Componentwise accurate fluid queue computations using doubling algorithms
Markov-modulated fluid queues are popular stochastic processes frequently used for modelling real-life applications. An important performance measure to evaluate in these applications is their steady-state behaviour, which is determined by the stationary density. Computing it requires solving a (nonsymmetric) M-matrix algebraic Riccati equation, and indeed computing the stationary density is the most important application of this class of equations. Xue et al. (Numer Math 120:671–700, 2012) provided a componentwise first-order perturbation analysis of this equation, proving that the solution can be computed to high relative accuracy even in the smallest entries, and suggested several algorithms for computing it. An important step in all proposed algorithms is using so-called triplet representations, which are special representations for M-matrices that allow for a high-accuracy variant of Gaussian elimination, the GTH-like algorithm. However, triplet representations for all the M-matrices needed in the algorithm were not found explicitly. This can lead to an accuracy loss that prevents the algorithms from converging in the componentwise sense. In this paper, we focus on the structured doubling algorithm, the most efficient among the proposed methods in Xue et al., and build upon their results, providing (i) explicit and cancellation-free expressions for the needed triplet representations, allowing the algorithm to be performed in a really cancellation-free fashion; (ii) an algorithm to evaluate the final part of the computation to obtain the stationary density; and (iii) a componentwise error analysis for the resulting algorithm, the first explicit one for this class of algorithms. We also present numerical results to illustrate the accuracy advantage of our method over standard (normwise-accurate) algorithms.
Mathematics Subject ClassificationPrimary 65F30 60K25
The first author would like to acknowledge the financial support of the Australian Research Council through the Discovery Grant DP110101663. The second author would like to acknowledge the financial support of Istituto Nazionale di Alta Matematica, and thank N. Higham and M. Shao for useful discussions on the accuracy of various algorithms for the computation of the exponential of a \(-M\)-matrix; in particular, N. Higham pointed us to the paper . Both authors are grateful to helpful comments of N. Bean.
- 4.Berman, A., Plemmons, R.J.: Nonnegative matrices in the mathematical sciences, Classics in Applied Mathematics, vol. 9. Society for Industrial and Applied Mathematics (SIAM), Philadelphia (1994, revised reprint of the 1979 original)Google Scholar
- 6.Bini, D.A., Iannazzo, B., Meini, B.: Numerical solution of algebraic Riccati equations, Fundamentals of Algorithms, vol. 9. Society for Industrial and Applied Mathematics (SIAM), Philadelphia (2012)Google Scholar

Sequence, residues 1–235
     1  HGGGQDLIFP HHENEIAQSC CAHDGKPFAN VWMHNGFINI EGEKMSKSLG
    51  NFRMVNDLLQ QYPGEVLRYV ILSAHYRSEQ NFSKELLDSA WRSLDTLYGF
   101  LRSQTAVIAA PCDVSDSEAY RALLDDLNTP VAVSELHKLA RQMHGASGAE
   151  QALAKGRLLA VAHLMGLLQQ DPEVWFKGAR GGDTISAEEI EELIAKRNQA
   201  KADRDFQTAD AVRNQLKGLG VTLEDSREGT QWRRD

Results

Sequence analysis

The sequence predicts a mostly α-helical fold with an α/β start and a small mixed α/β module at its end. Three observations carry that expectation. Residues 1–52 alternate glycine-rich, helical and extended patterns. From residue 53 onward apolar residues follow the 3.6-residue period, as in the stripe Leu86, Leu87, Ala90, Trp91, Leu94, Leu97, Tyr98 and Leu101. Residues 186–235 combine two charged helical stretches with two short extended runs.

- 7.Bini, D.A., Iannazzo, B., Meini, B., Poloni, F.: Nonsymmetric algebraic Riccati equations associated with an M-matrix: recent advances and algorithms. In: Olshevsky, V., Tyrtyshnikov, E. (eds.) Matrix Methods: Theory, Algorithms and Applications, chapter 10, pp. 176–209. World Scientific Publishing (2010)Google Scholar
- 11.da Silva Soares, A.: Fluid queues—building upon the analogy with QBD processes. PhD thesis, Université libre de Bruxelles (2005)Google Scholar
- 12.Golub, G.H., Van Loan, C.F.: Matrix Computations. Johns Hopkins Studies in the Mathematical Sciences, 3rd edn. Johns Hopkins University Press, Baltimore (1996)Google Scholar
- 15.Higham, N.J.: The Matrix Function Toolbox. http://www.ma.man.ac.uk/higham/mftoolbox
- 17.Higham, N.J.: The scaling and squaring method for the matrix exponential revisited. SIAM J. Matrix Anal. Appl. 26(4), 1179–1193 (2005, electronic)Google Scholar
- 18.Higham, N.J.: Functions of Matrices. Theory and Computation. Society for Industrial and Applied Mathematics (SIAM), Philadelphia (2008)Google Scholar
- 20.Mandjes, M., Mitra, D., Scheinhardt, W.: Simple models of network access, with applications to the design of joint rate and admission control. In: INFOCOM 2002. Proceedings of Twenty-First Annual Joint Conference of the IEEE Computer and Communications Societies. IEEE, vol. 1, pp. 3–12 (2002)Google Scholar
- 23.Poloni, F., Reis, T.: The SDA method for numerical solution of Lur’e equations. Technical Report 1101.1231, arXiv.org (2011)Google Scholar
- 24.Ramaswami, V.: Matrix analytic methods for stochastic fluid flows. In: Smith, D., Hey, P. (eds.) Proceedings of the 16th International Teletraffic Congress. Teletraffic Engineering in a Competitive World, pp. 1019–1030. Elsevier Science B.V, Edinburgh (1999)Google Scholar